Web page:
Music

Published on November 7th, 2019 | by Angela James

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Angela James: Quiet Night

I have always wanted to be one of those artists that could create when I was feeling terrible. I wanted to transform my darkness into work that conveyed depth and beauty — the classic tortured artist stereotype. Alas, that’s not me. I actually have to be in a pretty good place emotionally to write and perform songs. My house needs to be clean and dishes need to be done in order to connect to my muse. Until I had postpartum depression.


My daughter was born at home in our Chicago apartment. It was a peaceful and affirming experience and I will cherish the memories of my labor and delivery forever. However, I descended quickly into postpartum depression only a few days after her birth. Those early days were a blur of breastfeeding complications, mastitis, impossible pumping schedules, sleeplessness, panic attacks and crippling fear. I didn’t want to touch my daughter. I felt like a failure all the time and thought that was normal.  It took almost a month of feeling this way before my excellent primary care doctor put a name to what I was going through. This is unfortunately a pretty common story for new mothers, especially ones with a history of depression like myself.


While I may not remember much from that terrible time, perhaps due to self-preservation because the memories are too painful, I can remember humming. At the time I believed it was an attempt to soothe my fussy, always hungry baby, but now I know I was trying to soothe myself. I was composing and coping in the small way that I could, and the humming was keeping me tethered to a part of myself that I thought was lost forever.


I returned to performing when my daughter was about nine months old, but I felt very overwhelmed by songwriting again. Then I realized that I had a trove of new melodic material from those first sad, blurry months of my daughter’s life.  I had recorded some voice memos of the melodies I hummed, and I set out to turn them into fully fleshed-out songs. It made sense that they should be lullabies. It made sense that I should invite other parents of young children to play with me and make a record. It made sense that nearly everyone involved in the making of this record should be parents of young children.


Two years later, that record is coming out into the world. My hope is that these songs can soothe children, their parents, and anyone that is tired and stressed (ha, everyone). I chose the instrumentation — classical guitar, vibraphone, bass clarinet and bassoon — to create a relaxing space for unwinding. By being open and honest about my postpartum depression and honoring its role in my creative life, I hope to destigmatize it in some small way. So many women either go undiagnosed or their symptoms are misunderstood. We need to share our stories so we feel less alone and less ashamed.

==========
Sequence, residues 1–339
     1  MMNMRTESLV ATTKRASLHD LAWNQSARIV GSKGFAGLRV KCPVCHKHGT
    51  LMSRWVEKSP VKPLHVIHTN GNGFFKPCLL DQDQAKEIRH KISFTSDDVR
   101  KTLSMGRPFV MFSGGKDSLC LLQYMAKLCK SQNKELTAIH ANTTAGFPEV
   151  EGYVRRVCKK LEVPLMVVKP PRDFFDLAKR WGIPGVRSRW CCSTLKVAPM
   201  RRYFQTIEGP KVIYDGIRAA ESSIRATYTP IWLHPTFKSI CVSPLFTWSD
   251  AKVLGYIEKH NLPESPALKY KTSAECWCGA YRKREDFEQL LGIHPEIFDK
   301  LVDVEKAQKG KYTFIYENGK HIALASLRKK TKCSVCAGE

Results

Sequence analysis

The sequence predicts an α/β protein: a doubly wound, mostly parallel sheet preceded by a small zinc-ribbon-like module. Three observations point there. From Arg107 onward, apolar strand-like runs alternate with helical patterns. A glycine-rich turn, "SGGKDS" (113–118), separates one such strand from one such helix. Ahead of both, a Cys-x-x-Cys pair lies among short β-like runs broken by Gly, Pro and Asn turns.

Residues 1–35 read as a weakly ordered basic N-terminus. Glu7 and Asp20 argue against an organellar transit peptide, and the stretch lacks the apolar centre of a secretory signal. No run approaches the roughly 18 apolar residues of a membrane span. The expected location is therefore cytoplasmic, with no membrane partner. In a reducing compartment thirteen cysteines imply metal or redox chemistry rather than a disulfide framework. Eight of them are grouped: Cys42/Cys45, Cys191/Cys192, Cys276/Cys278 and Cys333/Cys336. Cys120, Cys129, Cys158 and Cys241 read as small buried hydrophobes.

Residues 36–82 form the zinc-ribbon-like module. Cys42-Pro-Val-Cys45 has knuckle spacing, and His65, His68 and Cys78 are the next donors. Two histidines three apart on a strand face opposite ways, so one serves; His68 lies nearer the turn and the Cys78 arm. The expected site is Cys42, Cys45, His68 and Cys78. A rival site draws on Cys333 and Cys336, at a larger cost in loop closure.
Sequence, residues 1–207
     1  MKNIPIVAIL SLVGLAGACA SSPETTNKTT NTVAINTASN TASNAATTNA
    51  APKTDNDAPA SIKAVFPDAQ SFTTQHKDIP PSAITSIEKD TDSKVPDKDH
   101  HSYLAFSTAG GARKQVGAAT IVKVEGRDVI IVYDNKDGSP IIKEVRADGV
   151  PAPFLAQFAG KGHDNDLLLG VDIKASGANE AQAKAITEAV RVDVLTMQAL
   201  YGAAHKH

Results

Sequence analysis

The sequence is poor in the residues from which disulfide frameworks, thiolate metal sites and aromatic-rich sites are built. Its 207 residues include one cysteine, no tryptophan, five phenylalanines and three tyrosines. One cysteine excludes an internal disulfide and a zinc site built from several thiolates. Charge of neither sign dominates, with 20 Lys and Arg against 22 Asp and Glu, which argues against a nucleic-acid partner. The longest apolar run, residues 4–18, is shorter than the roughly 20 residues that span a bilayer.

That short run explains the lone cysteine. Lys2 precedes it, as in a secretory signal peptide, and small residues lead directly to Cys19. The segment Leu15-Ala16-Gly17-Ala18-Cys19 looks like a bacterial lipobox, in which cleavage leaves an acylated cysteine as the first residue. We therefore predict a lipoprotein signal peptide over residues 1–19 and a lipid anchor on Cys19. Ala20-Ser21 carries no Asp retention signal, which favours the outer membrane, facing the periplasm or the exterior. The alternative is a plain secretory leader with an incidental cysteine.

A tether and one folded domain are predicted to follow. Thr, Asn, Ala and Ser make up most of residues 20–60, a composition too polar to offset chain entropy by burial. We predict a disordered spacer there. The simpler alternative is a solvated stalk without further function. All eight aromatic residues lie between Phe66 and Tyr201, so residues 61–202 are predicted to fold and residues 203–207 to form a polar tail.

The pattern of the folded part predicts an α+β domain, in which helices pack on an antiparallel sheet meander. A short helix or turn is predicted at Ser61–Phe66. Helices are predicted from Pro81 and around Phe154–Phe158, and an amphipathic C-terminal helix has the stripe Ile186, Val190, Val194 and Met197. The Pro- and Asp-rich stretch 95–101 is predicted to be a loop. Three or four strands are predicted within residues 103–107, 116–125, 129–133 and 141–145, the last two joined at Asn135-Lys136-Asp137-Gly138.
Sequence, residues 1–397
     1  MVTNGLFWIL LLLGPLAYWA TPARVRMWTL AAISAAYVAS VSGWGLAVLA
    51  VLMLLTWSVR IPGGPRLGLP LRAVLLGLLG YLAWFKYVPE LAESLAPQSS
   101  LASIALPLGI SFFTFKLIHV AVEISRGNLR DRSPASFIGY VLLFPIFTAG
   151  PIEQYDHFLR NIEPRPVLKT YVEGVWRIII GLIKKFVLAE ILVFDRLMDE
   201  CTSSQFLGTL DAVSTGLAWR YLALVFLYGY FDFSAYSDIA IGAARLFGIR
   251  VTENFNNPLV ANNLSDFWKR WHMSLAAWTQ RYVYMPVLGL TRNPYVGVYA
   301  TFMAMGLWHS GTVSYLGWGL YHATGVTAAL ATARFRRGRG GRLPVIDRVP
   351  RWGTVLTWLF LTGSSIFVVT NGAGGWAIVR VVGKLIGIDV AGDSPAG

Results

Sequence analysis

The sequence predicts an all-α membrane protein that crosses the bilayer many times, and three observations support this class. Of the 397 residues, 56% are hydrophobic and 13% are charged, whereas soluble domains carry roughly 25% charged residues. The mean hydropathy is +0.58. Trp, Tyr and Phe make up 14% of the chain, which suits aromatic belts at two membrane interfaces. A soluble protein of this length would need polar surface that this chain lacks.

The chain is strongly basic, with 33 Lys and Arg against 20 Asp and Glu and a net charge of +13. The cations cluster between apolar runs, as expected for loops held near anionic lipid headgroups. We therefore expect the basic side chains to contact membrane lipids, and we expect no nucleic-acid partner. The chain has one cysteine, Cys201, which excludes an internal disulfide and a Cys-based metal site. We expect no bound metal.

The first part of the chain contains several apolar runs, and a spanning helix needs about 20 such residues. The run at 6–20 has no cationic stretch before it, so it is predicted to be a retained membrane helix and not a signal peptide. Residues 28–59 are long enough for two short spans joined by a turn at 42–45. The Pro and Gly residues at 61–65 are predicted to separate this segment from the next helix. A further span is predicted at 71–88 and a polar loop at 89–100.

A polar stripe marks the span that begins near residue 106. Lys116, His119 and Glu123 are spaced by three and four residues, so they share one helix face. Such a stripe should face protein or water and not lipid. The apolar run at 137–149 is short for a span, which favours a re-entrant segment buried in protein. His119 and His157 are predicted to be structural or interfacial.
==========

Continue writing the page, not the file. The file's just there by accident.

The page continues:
Women suffering with postpartum depression often don’t know or understand what they are going through, and neither do their families. In my case, even my excellent midwives and the lactation consultant I saw three times missed it. What I have learned is that there is a wide spectrum of symptoms and they can creep up on you or knock you down, or both. They can linger in your mind and make you feel ashamed and afraid to tell anyone about them. So many women I know have simply suffered in silence, waiting for the hormone roller-coaster to slow down. It usually does, but it can take months, and that’s far too long. I can attest that the minute you get help a burden is lifted.


I want the release of my record to be an opportunity to speak more openly about postpartum depression and anxiety. If we have more information, stories, understanding and empathy, more women will feel comfortable getting help and not suffering in silence. You can call the Postpartum Support International Helpline: 1-800-944-4773 and speak to someone who can help you immediately in English and Spanish. They can do the work of connecting you to a mental health professional in your area.


I wrote these lullabies to soothe myself and my family, but they are for anyone that needs to take a break and feel nurtured and relaxed. Postpartum depression became my unlikely muse. My experience with postpartum depression was one of the darkest times of my life, but it gave me some of the brightest music of my career. I’m grateful that my story has a happy ending and that I can share these works of beauty born out of a dark, devastating experience.

Angela James’s record is available on iTunes, Spotify, and at https://angelajames.bandcamp.com/.

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About the Author

Angela James

Angela James’ music brings to mind the rich, deep voices of artists like Patsy Cline and Rosanne Cash with the narrative sensibility of more modern female troubadours like Neko Case and Gillian Welch. Her music has been called “smoldering and gorgeous” by the Chicago Reader and she has been featured in the Chicago Tribune, WBEZ, and Tiny Mix Tapes. Born and raised in TN, with sojourns in Mississippi and Brazil, Angela lives in Chicago with her partner, visual artist and curator Jordan Martins, and daughter Hattie.



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